Simon Haslam's Oracle Fusion Middleware blog

Oracle's Public Cloud Machine - initial thoughts and speculation

One of the big announcements, or at least to me(!), at Oracle OpenWorld (OOW15) last October was what is now called the "Public Cloud Machine" (PCM). 

Here I've finally written up my initial thoughts on this machine and where it might be useful in modern Oracle infrastructures. All of the information I'm sharing here has either been said publicly by Oracle or else is my own personal speculation - please don't make any planning decisions until Oracle has released more details!

Note: I'm pleased to see that the name of this hardware has changed in the last few weeks from the "Private Cloud Machine for PaaS & IaaS" to the, much more snappy, "Public Cloud Machine" (PCM). Now you could say that running Oracle cloud platforms on your own premises makes it private cloud, but I can see the logic that says that it's a machine for running vanilla Oracle Public Cloud services. Primarily I suspect Oracle tweaked the name to try to reduce confusion with the Private Cloud Appliance (which was renamed from the Virtual Compute Appliance only last summer, rather unfortunately as it has turned out).

Larry Ellison announcing the PCM at OOW15 

What is the Public Cloud Machine? 

Firstly, let's look at what Oracle has said about the PCM so far...

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What was the "Mandatory Maintenance for Java Cloud Service" last night?

Had I been working in Operations and on-call at an organisation using Java Cloud Service then it appeared I may well have been rudely woken up last night!  

At around 2am in the UK this email innocently dropped into my mail box:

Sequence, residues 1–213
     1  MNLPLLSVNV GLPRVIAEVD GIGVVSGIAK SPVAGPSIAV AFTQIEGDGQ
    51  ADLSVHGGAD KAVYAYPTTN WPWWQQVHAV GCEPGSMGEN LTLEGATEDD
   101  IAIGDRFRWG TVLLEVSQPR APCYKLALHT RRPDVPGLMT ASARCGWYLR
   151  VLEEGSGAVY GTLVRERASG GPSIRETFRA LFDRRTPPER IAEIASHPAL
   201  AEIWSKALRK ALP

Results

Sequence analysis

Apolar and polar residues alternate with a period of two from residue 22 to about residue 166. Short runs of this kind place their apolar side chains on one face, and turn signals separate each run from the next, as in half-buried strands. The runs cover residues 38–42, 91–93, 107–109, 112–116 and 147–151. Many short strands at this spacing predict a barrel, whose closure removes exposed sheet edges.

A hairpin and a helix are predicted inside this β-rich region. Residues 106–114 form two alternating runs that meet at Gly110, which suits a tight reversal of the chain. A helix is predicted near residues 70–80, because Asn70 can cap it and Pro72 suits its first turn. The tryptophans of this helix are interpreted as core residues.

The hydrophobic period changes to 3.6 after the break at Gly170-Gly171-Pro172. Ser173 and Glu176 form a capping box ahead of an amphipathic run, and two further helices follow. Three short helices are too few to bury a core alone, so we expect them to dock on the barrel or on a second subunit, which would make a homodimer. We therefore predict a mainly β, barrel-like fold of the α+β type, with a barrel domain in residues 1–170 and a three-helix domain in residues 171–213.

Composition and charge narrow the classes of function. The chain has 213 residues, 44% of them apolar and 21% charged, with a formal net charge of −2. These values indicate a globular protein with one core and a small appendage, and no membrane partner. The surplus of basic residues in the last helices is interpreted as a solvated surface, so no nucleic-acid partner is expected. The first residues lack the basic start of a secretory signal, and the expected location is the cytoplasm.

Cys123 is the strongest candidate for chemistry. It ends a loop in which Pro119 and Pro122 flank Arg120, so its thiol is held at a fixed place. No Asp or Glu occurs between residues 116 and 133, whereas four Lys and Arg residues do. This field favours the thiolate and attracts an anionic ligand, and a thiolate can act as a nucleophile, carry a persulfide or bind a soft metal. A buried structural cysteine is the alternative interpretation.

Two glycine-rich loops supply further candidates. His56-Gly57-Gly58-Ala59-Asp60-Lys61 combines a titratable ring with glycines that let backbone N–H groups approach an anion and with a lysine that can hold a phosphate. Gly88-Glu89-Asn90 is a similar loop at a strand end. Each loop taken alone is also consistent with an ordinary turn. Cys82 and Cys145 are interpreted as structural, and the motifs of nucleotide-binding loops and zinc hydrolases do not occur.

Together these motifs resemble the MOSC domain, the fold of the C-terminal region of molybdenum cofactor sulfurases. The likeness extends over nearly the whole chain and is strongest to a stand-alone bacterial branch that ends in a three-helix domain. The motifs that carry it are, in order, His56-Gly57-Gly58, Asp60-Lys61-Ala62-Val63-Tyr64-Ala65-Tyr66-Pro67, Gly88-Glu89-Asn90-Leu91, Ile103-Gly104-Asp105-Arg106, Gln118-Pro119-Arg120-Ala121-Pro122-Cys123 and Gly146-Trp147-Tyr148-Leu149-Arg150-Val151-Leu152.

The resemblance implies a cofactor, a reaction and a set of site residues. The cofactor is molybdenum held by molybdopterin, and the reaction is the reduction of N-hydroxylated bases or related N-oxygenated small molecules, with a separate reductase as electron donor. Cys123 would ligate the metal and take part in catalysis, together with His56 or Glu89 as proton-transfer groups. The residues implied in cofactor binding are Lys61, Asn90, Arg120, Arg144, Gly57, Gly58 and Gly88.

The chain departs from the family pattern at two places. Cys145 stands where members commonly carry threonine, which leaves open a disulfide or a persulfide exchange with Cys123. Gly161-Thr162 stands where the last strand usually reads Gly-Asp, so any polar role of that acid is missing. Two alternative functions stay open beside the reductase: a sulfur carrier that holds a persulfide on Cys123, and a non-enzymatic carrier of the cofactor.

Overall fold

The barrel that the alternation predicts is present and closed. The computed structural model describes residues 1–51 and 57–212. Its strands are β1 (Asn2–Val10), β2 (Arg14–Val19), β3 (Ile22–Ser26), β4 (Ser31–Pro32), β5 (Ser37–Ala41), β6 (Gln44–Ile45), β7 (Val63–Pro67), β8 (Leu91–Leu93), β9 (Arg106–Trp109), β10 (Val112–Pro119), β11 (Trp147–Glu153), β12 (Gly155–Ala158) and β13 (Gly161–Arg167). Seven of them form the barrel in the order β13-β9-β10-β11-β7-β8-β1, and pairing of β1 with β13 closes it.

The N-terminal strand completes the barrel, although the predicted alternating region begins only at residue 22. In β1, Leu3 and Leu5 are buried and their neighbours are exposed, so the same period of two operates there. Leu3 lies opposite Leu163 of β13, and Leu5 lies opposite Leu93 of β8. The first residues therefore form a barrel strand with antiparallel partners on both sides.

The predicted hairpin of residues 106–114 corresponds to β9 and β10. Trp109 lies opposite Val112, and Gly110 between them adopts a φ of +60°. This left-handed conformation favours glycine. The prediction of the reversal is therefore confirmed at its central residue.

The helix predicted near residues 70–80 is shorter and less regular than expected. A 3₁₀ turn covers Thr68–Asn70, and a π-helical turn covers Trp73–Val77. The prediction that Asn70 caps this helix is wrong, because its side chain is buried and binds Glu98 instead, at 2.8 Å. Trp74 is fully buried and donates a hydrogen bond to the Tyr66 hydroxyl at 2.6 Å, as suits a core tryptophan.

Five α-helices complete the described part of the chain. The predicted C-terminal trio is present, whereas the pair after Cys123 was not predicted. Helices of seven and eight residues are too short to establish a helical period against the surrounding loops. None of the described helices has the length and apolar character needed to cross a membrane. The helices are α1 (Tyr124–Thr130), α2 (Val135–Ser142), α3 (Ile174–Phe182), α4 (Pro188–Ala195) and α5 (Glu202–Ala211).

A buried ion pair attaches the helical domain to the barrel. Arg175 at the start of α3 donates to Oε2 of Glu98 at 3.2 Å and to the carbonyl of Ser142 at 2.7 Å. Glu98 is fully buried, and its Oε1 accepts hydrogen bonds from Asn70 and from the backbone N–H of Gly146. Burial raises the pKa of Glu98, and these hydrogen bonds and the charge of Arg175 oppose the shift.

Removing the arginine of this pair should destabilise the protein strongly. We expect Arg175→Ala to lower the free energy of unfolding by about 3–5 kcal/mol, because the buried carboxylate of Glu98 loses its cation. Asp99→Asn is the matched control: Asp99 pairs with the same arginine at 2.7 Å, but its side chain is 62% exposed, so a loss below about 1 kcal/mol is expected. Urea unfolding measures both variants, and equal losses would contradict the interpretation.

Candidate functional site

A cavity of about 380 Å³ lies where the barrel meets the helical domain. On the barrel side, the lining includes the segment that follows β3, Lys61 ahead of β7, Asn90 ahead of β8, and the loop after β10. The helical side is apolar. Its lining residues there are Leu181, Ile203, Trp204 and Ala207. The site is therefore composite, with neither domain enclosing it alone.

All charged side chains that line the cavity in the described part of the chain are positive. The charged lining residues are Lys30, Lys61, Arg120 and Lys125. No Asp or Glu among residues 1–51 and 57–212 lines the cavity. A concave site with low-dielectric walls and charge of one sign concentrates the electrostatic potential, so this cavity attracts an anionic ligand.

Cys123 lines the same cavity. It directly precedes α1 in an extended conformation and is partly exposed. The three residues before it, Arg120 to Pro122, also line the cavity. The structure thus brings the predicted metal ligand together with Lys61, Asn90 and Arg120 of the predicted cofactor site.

Upcoming Mandatory Maintenance notification

This warning of an impending outage to Java Cloud Service was closely followed by one for Database Cloud Service. Judging by the email - "during the maintenance your services will be unavailable" - it seems an hour and a half later the instance failure notifications (from Enterprise Manager or Nagios etc) would have probably started coming in.

Then at 4:36am I had an email to say my JCS was now available again, and 5:11am to say my DBCS was too so, a total outage according to the emails of just under 2 hours. However when it happened all of my Java and Database test instances (test) were down already but as far as I can tell no changes were actually made to them (they were not started up for example) - be sure to read my conclusions at the end of this post!

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SOA Cloud Service - initial impressions for SOA architects and administrators

Yesterday Oracle officially released their SOA Cloud Service (SOA-CS) - see the SOA team's blog post. As with Java Cloud Service (JCS) back in May I thought I'd write up my initial impressions, based on what I've learned so far about SOA-CS "on paper" and drawing on quite lot of hands-on experimentation with JCS.[Read More]

Java Cloud Service - detailed observations

I've been working with Oracle's full Java Cloud Service (JCS) for the past couple of months so thought this might be a good time to share a few observations, This blog post is mostly an informal list of observations and experiences - I am gradually refining my ideas into proper articles and presentations which I will publish over the coming months.JCS

Oracle PaaS Technical Architecture

My high level view of the technical architecture is as below:

OPC PaaS Technical Overview

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Postcard from Lisbon - Fusion Middleware Partner Summer Camps 2015

Last week I attended my second Oracle Fusion Middleware "summer camp" in Lisbon which this year, as you might expect, was themed around Oracle middleware cloud products. This is not a technical post - I have another Java Cloud Service (JCS) post in progress - but rather, how much it costs to go to the training, how you as an Oracle Partner might benefit from them, and whether you should aim to attend a future one.

Apparently this is the fifth summer camp now, though I have only attended the last two. They are organised by Jürgen Kress from the EMEA Oracle Middleware Partner team, under the umbrella term of "Partner Enablement", i.e. making sure partners have the skills and tools to sell and deploy Oracle products effectively for customers.

Oracle office, Lagoas Park, Lisbon
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